Evidently Hollywood is the one place on earth where everyone has a flawless nose and straight, gleaming white teeth, or so they would like us to think. Even the movie star Jesus has attained physical perfection. The recently released movie, Son of God
is not only hot for its evangelical message, but the actor Diogo Morgado makes for a hot Jesus. He has taken twitter by storm with a #HotJesus hashtag.
Ironically the same week as the movie premiered a homeless Jesus statue was unveiled in front of a church in Davidson, NC. This Jesus cuts a different profile. He sleeps on a bench covered in a blanket. As you draw closer it becomes obvious who it is by the holes in his feet. The rector of St. Albans’s Episcopal, The Rev. David Buck, reflects that in an affluent community such as Davidson this piece of art is out of place. He says “It jolts you when you see it especially at dusk; if you walk by you think there’s a homeless man out there.”
The rector makes the point that the Jesus we discover in the Bible has always been out of place.
Apparently the statue has a history. Other casts were considered for placement at St. Patrick’s Cathedral in New York and another Roman Catholic cathedral in Toronto, but church “higher-ups” nixed the plans. This is not the first time homeless Jesus has been sidelined. Our gospels narrate several scenes in which he was either outright rejected or received with such cool response “Jesus could do no mighty work there.” (Mark 6:5)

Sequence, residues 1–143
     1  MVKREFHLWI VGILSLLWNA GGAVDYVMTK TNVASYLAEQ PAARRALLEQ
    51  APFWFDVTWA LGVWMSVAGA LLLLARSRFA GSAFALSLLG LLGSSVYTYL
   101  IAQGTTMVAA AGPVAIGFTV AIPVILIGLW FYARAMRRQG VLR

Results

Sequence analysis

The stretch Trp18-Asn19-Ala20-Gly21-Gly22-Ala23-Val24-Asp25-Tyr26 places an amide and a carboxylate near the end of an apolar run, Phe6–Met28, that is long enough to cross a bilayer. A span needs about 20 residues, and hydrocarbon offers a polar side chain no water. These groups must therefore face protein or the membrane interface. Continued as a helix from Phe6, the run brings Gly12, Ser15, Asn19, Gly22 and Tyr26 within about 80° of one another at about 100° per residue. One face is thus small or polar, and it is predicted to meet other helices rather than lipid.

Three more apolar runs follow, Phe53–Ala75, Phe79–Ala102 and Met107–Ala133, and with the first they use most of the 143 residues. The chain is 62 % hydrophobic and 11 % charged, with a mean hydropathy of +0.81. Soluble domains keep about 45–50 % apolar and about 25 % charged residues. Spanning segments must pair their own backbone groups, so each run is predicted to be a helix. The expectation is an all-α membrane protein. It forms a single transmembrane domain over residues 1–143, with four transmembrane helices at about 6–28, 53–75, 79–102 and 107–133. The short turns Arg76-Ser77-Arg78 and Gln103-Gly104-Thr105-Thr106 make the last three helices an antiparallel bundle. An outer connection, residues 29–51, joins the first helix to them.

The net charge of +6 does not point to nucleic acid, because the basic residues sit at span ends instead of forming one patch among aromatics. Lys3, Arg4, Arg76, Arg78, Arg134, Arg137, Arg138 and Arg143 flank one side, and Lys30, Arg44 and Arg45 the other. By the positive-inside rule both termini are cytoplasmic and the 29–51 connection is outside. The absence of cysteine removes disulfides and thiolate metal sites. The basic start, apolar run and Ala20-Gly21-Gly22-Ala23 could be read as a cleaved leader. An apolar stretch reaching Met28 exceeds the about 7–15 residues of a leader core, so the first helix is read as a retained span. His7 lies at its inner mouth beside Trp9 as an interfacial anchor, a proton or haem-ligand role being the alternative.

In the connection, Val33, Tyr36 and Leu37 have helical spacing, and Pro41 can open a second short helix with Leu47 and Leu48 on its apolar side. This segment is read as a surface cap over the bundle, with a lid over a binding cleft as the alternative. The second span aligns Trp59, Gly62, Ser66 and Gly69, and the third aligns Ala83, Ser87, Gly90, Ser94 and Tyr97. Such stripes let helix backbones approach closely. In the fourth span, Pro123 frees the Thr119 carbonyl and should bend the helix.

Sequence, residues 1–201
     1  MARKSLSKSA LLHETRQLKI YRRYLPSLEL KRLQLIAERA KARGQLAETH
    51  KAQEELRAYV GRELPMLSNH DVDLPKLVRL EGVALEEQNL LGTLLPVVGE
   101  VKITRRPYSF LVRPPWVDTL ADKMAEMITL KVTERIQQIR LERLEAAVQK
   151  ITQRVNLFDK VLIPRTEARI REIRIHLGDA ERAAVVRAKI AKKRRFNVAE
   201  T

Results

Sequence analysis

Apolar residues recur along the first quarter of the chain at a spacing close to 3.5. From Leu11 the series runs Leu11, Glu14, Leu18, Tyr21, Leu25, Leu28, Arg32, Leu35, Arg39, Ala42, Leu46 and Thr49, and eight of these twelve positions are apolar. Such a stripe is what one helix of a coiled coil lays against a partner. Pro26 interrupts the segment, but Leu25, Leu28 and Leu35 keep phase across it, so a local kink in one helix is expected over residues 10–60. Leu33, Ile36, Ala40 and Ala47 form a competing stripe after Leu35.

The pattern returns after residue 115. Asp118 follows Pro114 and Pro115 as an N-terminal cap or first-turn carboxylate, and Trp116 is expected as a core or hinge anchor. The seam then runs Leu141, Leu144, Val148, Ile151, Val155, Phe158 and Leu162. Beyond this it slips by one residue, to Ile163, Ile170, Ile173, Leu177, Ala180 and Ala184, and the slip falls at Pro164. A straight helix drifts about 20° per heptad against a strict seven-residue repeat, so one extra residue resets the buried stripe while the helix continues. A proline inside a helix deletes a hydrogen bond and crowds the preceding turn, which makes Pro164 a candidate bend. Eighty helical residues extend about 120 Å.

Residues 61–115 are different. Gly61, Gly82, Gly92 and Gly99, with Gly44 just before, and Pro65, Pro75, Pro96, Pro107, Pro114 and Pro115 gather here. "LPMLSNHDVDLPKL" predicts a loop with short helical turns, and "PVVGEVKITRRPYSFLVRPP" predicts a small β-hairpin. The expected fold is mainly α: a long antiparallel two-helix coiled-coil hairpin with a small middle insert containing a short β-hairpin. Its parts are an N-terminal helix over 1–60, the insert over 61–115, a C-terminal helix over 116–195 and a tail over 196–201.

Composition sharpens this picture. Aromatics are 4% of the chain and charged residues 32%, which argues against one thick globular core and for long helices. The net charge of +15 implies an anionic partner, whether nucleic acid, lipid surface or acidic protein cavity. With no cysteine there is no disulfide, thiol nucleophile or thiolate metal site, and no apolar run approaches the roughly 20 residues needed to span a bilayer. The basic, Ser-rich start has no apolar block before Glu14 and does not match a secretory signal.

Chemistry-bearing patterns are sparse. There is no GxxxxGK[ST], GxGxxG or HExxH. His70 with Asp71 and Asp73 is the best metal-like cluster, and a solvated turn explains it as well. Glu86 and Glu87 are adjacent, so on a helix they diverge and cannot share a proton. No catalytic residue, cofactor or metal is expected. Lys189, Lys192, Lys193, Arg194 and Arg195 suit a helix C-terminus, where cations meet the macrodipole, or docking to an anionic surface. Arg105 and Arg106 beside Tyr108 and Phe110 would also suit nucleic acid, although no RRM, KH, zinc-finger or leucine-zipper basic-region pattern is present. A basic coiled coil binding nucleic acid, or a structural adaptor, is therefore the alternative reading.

Can a Hollywood Jesus change a heart? I’m not so sure. He can create a buzz and fill the seats in a theater but unless we see in him the rejected and the marginalized, he bears little resemblance to the one who came among us and loved the world.
These words from Matthew’s gospel come to mind, “I
I was hungry and you gave me food to eat. I was thirsty and you gave me a drink. I was a stranger and you welcomed me. I was naked and you gave me clothes to wear. I was sick and you took care of me. I was in prison and you visited me… I assure you that whenever you have done it for one of the least of these you have done it for me.”
Regardless, we look elsewhere. We have always liked our gods buffed and handsome. The Greek’s displayed muscled bound marble statues and we tune into the Oscars. We pay to see Amy Adams and Brad Pitt take us out of our world and into the land of make believe. There is a hidden pleasure in all of us that desires to be them or to at least to be associated with them.
So we give Jesus a makeover and he appears as hot stuff.
The Son of God given to the world has the lines of hardship in his face. He is one of us. We won’t see him on the red carpet and kept at a distance but sleeping on the park bench or in the grocery store checkout line. The only barrier is our willingness to introduce ourselves.
When we get to know him we discover our shared humanity and find redemption.